The Case Against Summer Vacation

It's an outdated legacy of the farm economy. Adults still romanticize it. But those months out of school do the most damage to the kids who can least afford it

  • Cass Bird for TIME

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    Stealth Learning

    I saw a lot of eager, engaged kids in Indianapolis and met a number of vibrant teachers and volunteers. But every camp and academy I visited had dozens of children stranded on a waiting list. And for each of those students, there were no doubt hundreds of kids whose parents had not even bothered to find a summer program and fill out an application.

    A recent study sponsored by the Wallace Foundation estimated that only 25% of students currently participate in organized summer learning programs, although a majority of parents said they would enroll their children if more programs were available. Fortunately, some public schools have begun to tackle the problem of summer learning loss. In Cincinnati, Ohio, a program called Fifth Quarter offers an additional month of classes, specially tailored for summer, at 16 schools serving low-income students. Houston schools offer four weeks of math and science education for at-risk students and report that participants average a boost of more than 10% in their test scores.

    In the Appalachian town of Corbin, Ky.--home of Harland Sanders and his famous fried chicken--there was no one but the school district to fend off summer slide. Karen West, director of Corbin's Redhound Enrichment program, says, "Eighty-eight percent of our children live in latchkey families, and we have no YMCA, no Boys & Girls Clubs. Really, there was almost nothing for them to do." Hired in 2006 by the Corbin independent school district, West began building what is now a 10-week operation, running 10 hours per day, from the day after school lets out until the day before classes resume. Lessons in reading, math, science and social studies fill much of the day, but nothing about Redhound Enrichment feels like dreaded summer school.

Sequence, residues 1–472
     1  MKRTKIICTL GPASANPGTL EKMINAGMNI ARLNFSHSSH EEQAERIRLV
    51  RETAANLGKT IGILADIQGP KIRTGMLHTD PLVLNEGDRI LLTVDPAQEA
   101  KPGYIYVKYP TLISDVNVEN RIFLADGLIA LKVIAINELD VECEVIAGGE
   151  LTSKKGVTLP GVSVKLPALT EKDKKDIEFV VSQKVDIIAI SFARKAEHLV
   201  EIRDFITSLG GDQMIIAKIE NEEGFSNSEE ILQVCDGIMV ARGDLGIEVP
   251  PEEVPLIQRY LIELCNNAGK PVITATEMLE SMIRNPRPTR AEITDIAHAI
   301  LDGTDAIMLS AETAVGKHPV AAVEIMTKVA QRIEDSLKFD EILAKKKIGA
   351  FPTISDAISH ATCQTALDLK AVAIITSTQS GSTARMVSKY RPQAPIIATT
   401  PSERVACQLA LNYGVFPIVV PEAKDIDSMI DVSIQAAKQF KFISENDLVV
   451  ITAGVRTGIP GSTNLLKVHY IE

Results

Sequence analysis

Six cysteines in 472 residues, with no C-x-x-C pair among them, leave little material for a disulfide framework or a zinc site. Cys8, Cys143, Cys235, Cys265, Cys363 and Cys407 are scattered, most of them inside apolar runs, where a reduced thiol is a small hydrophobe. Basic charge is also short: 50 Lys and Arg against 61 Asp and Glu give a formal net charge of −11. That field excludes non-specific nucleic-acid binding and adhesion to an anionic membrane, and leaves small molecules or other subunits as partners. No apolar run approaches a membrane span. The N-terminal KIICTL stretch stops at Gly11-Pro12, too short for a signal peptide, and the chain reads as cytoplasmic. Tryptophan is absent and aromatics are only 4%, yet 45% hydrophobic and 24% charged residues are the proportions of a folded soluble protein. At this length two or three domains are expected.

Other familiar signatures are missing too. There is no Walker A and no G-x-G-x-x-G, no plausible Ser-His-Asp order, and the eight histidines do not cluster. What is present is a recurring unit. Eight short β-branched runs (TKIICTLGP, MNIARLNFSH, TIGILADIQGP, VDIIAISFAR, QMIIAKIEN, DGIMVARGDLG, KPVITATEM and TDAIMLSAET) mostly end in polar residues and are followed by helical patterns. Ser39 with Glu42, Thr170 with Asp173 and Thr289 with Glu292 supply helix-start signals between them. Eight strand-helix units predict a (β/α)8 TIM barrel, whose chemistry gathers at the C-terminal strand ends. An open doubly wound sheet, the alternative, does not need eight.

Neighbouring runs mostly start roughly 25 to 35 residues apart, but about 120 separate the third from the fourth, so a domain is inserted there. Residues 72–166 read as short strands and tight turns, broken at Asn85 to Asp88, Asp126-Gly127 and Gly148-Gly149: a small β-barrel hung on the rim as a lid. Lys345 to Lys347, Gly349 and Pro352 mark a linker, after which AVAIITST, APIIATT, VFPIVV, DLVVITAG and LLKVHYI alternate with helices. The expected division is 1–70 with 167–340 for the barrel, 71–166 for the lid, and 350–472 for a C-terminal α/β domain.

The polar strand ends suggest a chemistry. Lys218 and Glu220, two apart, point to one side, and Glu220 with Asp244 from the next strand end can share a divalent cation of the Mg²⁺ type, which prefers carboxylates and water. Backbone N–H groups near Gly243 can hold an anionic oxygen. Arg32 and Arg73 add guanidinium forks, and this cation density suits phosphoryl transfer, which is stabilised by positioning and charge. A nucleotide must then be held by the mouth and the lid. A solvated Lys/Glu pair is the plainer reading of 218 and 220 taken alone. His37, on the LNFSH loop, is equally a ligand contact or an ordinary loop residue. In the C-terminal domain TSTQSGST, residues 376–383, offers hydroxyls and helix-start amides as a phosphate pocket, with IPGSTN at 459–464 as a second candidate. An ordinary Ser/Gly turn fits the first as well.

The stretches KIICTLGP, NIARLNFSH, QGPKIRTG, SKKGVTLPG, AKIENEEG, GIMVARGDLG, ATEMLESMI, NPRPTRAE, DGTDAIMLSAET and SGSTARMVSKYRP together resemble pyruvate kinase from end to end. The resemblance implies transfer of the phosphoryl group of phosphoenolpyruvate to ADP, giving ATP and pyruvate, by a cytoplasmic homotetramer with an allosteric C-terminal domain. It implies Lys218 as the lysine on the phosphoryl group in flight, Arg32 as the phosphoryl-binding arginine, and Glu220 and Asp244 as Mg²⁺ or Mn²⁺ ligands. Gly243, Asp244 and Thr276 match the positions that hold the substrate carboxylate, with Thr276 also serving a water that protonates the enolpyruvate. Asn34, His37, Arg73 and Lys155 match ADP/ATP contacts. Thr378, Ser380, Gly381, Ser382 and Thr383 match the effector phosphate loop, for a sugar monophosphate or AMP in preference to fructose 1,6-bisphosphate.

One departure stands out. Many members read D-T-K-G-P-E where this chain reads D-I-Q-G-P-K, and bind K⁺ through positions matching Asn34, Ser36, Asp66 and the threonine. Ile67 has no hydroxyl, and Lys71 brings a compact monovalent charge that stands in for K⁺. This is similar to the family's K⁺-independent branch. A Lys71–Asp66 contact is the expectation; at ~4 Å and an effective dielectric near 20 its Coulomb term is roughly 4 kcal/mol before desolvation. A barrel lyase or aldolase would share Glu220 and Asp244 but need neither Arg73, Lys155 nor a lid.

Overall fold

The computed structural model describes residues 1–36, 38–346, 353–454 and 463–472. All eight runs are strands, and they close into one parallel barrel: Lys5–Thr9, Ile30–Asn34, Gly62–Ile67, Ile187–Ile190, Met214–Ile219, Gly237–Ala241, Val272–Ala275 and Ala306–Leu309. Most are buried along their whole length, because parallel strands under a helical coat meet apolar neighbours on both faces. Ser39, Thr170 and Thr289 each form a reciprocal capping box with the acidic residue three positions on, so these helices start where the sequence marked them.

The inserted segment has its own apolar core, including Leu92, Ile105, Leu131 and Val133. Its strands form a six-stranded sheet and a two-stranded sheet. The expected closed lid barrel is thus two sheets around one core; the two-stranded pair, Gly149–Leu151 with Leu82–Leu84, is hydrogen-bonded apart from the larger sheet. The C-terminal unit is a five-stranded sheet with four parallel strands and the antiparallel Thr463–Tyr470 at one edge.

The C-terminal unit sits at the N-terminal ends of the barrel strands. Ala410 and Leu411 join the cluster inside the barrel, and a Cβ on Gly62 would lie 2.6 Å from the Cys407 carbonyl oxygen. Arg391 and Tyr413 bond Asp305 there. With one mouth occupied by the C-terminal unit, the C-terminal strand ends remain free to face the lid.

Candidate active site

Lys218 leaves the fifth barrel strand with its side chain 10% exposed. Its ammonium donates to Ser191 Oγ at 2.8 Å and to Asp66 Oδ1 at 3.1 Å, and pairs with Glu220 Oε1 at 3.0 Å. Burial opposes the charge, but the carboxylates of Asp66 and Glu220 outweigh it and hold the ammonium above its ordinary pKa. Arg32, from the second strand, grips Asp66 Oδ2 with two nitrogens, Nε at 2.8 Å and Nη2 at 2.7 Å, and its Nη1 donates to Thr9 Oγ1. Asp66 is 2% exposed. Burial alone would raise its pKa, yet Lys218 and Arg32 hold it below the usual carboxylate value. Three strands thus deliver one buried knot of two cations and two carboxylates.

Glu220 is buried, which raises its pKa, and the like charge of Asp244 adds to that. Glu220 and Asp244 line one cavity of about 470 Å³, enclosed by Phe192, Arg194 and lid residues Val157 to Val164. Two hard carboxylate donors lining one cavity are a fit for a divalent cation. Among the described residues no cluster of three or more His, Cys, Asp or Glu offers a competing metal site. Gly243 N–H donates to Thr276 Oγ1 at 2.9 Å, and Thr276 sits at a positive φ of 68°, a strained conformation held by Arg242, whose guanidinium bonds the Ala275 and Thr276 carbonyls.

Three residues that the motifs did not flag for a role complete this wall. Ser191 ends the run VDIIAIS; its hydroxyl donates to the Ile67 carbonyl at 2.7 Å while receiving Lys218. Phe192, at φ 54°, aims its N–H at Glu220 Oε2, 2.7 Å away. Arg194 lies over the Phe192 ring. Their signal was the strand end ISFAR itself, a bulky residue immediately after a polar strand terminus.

Each summer, West builds on a theme. This year it's "Lights, camera, action!" Every week revolves around a subtheme, and for the week when Toy Story 3 was to open, West picked "To infinity--and beyond!" On Monday, students took a field trip to watch the movie. Throughout the week, teachers integrated space exploration into their classrooms. On Friday, the kids put on a science fair, and a mobile planetarium paid a visit.

    The entire community of Corbin pitches in. Restaurants host meals at which students can practice etiquette. The swimming pool invites the kids each Wednesday. Baptist Regional Medical Center organizes the Longest Day of Play to promote health and fitness. The department of fish and wildlife leads a session on conservation--then takes all the students fishing. As the kids weigh and measure their catch, they think they're just trying to win first prize, but West notes that they are also doing a day's worth of math. Summer educators like to call this sort of thing "stealth learning."

    "We have over 30 partners," West says, and their in-kind contributions nearly match her annual budget of $60,000. "When everyone gives a little, we can do miracles." The proof: students in the Corbin program not only don't fall behind through the summer; they move ahead. More than half of the participants improve by a full letter grade or more in both reading and math.

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